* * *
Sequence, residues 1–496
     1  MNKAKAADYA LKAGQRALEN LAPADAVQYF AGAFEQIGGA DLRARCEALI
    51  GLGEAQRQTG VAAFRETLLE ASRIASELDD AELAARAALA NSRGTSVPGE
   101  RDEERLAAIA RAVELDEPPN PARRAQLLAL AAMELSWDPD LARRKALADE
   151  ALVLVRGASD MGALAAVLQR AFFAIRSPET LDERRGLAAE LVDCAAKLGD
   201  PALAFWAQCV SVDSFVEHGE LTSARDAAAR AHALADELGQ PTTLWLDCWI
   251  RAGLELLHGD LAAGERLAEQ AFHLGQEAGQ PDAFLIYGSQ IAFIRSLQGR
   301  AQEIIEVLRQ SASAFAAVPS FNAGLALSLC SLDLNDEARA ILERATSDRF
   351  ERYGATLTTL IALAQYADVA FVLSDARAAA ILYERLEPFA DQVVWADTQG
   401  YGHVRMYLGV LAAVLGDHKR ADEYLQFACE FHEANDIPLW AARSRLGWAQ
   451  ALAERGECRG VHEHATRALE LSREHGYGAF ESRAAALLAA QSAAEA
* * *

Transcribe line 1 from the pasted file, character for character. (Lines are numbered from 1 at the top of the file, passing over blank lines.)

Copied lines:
Sequence, residues 1–496